HTML5 could soon take place of native apps in mobile commerce and their schemes. The reason is growth in mobile market for the giants like Apple, Android and Windows. The ease of keeping user experience that serves all platforms and the remarkable cost advantages makes this an obvious approach for other companies also.
Let’s have a look at pros and cons of native apps:
Pros Of Native Apps
Cons Of Native Apps
- Can get shake features of apart from unique camera, which can off course add to the cool-factor and usefulness of your app
- Getting a native app fulfills customer expectations like searching an app from a App Store
- Overall phone performance can be boosted however some mobile web browsers perform faster than native apps due to optimized memory management and tweaks
- New customers may find your services in the marketplace with the help of native apps
- Expensive to create and manage across different platforms this also includes updates and fixing bugs.
- Users are prompted to actively update their apps, meaning user experience can get reduce over time
- Lacks the interconnection with web. As content can not be shared outside a the native apps
- Apps that can bring up the revenue are subject to reduced by the platform owners
Importance Of Mobile Apps Matter For Ecommerce?
More and more users are shopping via mobile devices
, however there is still a question – does shoppers needs native apps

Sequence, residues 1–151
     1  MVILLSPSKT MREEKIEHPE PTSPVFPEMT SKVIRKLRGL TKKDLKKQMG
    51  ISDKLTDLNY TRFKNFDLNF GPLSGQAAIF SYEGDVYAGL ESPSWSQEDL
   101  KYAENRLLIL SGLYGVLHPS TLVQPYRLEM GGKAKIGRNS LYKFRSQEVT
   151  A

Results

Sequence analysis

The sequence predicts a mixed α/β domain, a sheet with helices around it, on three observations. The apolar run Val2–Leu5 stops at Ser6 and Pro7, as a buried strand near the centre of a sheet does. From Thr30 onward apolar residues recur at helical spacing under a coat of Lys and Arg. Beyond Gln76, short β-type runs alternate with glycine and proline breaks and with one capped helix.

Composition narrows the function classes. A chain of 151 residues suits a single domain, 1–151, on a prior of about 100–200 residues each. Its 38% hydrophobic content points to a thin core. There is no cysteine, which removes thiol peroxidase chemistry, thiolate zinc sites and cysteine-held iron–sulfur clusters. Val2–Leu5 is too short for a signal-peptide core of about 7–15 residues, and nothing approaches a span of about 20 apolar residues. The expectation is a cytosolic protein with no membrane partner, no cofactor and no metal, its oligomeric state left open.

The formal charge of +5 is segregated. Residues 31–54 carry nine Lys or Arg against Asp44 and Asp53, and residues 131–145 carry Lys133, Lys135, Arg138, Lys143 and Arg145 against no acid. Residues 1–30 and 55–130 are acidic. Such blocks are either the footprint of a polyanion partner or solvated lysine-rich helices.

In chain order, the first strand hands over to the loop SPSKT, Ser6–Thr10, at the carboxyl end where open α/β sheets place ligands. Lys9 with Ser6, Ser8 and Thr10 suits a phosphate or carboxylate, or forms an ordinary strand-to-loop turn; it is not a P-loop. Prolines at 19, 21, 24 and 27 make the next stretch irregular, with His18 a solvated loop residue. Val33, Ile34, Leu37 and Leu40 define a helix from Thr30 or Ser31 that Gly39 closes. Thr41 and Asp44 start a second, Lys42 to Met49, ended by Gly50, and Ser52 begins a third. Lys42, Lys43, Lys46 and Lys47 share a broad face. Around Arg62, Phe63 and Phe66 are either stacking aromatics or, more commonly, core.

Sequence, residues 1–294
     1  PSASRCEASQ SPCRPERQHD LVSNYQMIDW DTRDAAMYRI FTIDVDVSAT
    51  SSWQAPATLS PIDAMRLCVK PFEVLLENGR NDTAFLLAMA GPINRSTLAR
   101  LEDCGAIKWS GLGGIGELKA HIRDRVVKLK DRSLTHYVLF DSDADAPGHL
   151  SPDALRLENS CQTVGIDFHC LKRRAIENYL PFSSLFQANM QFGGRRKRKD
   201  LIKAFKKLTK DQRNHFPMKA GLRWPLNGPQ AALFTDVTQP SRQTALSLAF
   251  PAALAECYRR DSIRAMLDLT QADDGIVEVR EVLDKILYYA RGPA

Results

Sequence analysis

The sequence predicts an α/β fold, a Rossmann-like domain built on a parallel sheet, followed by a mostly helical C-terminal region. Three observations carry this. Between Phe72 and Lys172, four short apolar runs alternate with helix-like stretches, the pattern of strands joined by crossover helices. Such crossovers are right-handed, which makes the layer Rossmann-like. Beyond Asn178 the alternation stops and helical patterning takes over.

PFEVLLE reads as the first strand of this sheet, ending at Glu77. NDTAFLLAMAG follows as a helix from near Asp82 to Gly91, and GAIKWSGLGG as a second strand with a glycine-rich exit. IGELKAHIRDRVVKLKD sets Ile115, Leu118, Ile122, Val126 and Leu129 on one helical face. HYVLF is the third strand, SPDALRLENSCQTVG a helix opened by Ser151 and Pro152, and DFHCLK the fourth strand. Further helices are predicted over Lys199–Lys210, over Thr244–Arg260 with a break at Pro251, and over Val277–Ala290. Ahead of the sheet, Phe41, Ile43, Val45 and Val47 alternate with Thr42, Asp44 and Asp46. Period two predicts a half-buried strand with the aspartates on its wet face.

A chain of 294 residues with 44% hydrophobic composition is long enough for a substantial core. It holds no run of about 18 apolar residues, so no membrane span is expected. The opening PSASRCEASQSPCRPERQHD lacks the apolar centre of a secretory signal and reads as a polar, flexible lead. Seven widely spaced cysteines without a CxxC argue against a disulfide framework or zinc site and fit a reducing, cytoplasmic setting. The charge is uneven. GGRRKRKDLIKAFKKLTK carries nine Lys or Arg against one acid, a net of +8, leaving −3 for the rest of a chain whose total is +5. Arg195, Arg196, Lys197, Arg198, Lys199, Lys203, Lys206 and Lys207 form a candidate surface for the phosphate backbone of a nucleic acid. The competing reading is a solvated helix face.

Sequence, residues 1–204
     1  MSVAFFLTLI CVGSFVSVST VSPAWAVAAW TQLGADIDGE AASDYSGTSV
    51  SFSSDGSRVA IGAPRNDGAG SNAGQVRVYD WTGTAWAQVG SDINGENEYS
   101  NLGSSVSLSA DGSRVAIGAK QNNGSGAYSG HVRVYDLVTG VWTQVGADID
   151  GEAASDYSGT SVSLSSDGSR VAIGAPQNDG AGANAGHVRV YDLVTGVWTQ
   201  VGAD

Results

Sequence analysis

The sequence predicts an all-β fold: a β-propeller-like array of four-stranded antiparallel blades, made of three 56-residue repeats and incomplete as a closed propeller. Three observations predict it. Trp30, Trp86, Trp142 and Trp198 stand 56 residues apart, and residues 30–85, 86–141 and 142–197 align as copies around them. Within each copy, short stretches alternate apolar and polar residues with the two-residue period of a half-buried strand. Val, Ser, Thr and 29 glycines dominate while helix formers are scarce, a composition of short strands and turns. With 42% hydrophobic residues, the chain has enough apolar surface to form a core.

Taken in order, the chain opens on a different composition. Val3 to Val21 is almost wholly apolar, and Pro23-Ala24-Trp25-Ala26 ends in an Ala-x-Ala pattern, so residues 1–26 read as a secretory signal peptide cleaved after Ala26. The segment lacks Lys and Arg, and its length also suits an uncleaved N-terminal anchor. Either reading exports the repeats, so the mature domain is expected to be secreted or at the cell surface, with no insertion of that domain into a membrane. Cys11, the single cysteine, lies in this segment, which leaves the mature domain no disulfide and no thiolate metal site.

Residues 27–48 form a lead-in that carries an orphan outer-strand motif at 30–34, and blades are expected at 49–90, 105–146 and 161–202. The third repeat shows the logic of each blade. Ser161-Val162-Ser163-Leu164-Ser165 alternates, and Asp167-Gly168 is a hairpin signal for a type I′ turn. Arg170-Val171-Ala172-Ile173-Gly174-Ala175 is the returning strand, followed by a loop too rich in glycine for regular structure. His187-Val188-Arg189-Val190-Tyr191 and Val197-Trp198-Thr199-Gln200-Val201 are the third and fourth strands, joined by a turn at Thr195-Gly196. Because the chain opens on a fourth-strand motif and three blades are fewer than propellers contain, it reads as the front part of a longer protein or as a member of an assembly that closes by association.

or they are still satisfied with browser experiences. For online retail, results for research states that “across all demographics, about 90 per cent users prefer shopping via websites and mobile websites, in comparison to a very low percent who prefer native mobile apps.
Definitely, specific apps for news/ magazines are tablet owners favored. Surprisingly as per Research, tablet owners are 3 times as expected to access news through mobile web browsers than native apps.
If an organization develops games , for them smart-phones/ tablet apps are not accessories but they are actually products. Not to mention that games represent 50% of time spent on mobile apps. HTML5 is a viable approach for even the largest game developers. To support argument this EA’s Strike Fortress game was created in HTML5. That too in a short span of time by college students.
Talking about statistics, social networking is only about 25% of time spent using mobile apps. However Facebook claims, more members access Facebook from their mobile website rather than via Facebook's Android and iOS apps combined.
User trends are determined better using to web apps than in native apps, and business needs for creating dedicated applications for multiple platforms is losing its charm. On the top of all - HTML5 has been declared as “totally feature rich
” by the WWW Consortium.
Mobile schemes that consider the ROI for developing apps, with a long-term outlook will sooner or later shift away from native development. though it may take some time to catch on.
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